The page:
According to a new IHS Chemical report, mounting consumer pressure and legislation such as plastic bag bans and global warming initiatives will increase demand for biodegradable polymers in North America, Europe and Asia from 269 thousand metric tons (KMT) in 2012 to nearly 525 KMT in 2017, representing an average annual growth rate of nearly 15 percent during the five-year period 2012-2017.
The report focuses on biodegradable polymers, including compostable materials, but not necessarily including all bio-based products. Biodegradable polymers are a part of the larger overall bio-plastics market. Typically, bio-plastics are either bio-based or biodegradable, although some materials are both.
In terms of biodegradable polymer end-uses, it is estimated that the food packaging (including fast-food and beverage containers), dishes and cutlery markets are the largest end-uses and the major growth drivers. In both North America and Europe, these markets account for the largest uses and strong, double-digit growth is expected in the next several years. Foam packaging once dominated the market and continues to represent significant market share for biodegradable polymers, behind food packaging, dishes and cutlery. Compostable bags, as well as single-use carrier plastic bags, follow foam packaging in terms of volume.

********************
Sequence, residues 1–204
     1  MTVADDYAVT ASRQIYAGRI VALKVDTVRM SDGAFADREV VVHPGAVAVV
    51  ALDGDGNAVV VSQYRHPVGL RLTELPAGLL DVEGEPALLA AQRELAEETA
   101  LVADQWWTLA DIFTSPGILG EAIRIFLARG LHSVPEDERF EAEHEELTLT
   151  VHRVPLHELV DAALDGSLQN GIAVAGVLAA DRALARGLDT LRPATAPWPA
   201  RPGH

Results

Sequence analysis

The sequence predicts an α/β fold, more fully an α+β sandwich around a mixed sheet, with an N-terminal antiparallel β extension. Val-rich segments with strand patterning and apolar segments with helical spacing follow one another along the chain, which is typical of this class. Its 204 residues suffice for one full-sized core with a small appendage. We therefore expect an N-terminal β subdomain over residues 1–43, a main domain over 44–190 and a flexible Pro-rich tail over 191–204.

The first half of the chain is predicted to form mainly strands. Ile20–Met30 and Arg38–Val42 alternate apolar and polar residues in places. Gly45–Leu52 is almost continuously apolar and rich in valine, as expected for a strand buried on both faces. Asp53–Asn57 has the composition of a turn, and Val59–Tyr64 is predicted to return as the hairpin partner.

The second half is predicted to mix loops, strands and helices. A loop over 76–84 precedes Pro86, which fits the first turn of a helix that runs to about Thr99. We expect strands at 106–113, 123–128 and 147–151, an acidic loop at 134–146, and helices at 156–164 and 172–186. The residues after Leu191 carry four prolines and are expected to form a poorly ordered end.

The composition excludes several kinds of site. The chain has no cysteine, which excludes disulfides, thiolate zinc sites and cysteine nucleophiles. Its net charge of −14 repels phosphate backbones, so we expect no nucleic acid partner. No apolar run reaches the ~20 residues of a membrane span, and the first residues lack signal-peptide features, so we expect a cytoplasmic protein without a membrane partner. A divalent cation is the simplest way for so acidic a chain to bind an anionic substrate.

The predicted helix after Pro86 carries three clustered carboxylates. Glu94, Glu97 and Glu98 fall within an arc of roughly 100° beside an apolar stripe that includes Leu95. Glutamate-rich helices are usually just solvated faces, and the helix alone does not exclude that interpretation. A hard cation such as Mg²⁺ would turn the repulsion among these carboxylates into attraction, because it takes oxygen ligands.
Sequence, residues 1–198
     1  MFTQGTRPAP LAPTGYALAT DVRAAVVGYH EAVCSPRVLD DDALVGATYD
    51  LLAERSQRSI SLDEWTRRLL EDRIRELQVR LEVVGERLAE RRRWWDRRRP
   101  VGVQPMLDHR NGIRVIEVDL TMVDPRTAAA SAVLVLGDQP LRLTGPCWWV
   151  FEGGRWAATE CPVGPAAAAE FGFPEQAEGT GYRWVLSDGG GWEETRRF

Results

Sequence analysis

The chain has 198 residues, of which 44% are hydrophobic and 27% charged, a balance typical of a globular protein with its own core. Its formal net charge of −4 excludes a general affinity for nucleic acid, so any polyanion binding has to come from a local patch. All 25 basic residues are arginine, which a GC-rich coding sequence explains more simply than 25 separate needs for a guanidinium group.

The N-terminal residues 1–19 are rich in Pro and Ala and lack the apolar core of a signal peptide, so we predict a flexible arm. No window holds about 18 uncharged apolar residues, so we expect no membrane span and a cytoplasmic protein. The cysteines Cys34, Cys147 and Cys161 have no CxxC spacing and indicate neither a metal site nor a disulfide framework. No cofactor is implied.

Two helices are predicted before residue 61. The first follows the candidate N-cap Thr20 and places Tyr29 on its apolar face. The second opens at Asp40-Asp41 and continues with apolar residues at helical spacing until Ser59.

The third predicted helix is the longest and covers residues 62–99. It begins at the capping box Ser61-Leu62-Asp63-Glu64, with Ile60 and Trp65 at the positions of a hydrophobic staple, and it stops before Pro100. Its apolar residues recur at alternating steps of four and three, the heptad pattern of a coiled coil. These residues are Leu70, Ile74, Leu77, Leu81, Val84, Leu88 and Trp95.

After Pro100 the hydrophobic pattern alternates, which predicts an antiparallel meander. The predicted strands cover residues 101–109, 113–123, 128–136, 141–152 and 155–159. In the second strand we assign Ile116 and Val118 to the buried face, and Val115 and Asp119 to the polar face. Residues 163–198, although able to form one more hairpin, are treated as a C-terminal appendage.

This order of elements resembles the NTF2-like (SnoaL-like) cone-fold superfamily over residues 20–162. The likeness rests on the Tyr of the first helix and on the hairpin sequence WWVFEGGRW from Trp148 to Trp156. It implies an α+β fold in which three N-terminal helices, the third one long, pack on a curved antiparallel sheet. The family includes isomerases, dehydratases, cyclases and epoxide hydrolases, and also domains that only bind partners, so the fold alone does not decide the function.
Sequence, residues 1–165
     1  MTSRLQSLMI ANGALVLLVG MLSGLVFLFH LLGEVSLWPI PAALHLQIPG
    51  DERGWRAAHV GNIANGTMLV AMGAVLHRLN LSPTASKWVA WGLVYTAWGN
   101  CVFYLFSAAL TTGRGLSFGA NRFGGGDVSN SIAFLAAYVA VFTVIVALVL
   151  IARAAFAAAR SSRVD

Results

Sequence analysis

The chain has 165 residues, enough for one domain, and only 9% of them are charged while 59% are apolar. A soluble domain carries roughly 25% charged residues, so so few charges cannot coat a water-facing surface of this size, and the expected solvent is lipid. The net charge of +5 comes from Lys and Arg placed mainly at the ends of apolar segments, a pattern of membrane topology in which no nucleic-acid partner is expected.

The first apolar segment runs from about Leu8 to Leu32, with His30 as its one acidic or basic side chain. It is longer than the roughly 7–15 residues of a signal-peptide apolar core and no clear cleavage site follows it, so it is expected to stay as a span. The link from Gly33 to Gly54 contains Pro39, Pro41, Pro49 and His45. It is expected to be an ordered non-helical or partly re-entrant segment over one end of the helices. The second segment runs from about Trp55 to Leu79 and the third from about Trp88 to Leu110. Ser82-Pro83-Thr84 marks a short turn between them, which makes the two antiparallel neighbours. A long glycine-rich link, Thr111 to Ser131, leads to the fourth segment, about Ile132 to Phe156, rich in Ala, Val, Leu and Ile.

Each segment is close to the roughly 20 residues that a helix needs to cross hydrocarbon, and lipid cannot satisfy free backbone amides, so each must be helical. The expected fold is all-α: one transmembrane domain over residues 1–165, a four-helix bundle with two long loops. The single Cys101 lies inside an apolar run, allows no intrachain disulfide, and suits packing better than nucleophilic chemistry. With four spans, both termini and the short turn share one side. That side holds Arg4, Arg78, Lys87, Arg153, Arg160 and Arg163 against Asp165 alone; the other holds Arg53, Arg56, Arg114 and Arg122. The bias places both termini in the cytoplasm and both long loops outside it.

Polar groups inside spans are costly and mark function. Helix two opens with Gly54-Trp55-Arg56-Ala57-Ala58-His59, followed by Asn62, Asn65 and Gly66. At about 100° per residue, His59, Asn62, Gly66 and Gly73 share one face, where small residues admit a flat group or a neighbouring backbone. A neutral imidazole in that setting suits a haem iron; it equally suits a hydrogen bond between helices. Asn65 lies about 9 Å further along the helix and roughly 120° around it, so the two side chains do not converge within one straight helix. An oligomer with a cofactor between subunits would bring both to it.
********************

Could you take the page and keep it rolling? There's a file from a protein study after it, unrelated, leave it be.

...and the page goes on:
"The biodegradable polymers market is still young and very small, but the numbers are off the charts in terms of expected demand growth and potential for these materials in the coming years," said Michael Malveda, principal analyst of specialty chemicals at IHS Chemical. "Food packaging, dishes and cutlery constitute a major market for the product because these materials can be composted with the food waste without sorting, which is a huge benefit to the waste management effort and to reducing food waste and packaging disposal in landfills. Increasing legislation and consumer pressures are also encouraging retailers and manufacturers to seek out these biodegradable products and materials."
The report also noted that these biodegradable polymers offer expanding uses for biomedical applications. Another developing use for these biodegradable polymers is in the shale gas industry, where they are used during hydro-fracking as more environmentally friendly proppants to 'prop open' fractures in rock layers so oil and gas can be released.